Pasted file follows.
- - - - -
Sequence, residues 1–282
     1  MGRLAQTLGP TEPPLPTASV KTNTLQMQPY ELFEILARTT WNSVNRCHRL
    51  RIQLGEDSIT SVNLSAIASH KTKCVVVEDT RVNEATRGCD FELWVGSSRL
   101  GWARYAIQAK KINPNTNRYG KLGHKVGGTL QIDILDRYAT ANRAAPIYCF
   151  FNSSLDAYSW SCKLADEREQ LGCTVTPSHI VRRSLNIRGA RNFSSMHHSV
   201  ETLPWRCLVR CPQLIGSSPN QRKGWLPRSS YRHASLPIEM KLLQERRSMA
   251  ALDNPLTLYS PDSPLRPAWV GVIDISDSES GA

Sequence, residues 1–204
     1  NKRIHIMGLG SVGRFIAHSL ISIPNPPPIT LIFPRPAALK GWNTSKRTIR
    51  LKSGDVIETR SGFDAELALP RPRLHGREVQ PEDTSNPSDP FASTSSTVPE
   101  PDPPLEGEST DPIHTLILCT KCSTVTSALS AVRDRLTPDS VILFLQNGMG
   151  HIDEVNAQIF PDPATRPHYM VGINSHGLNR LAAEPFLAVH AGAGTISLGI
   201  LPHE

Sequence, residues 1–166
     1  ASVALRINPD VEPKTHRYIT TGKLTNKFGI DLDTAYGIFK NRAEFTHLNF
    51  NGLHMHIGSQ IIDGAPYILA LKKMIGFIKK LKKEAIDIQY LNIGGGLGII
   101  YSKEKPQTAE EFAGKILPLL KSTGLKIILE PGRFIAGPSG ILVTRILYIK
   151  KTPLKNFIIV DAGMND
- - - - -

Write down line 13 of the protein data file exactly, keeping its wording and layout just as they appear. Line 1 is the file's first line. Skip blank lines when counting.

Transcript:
   201  LPHE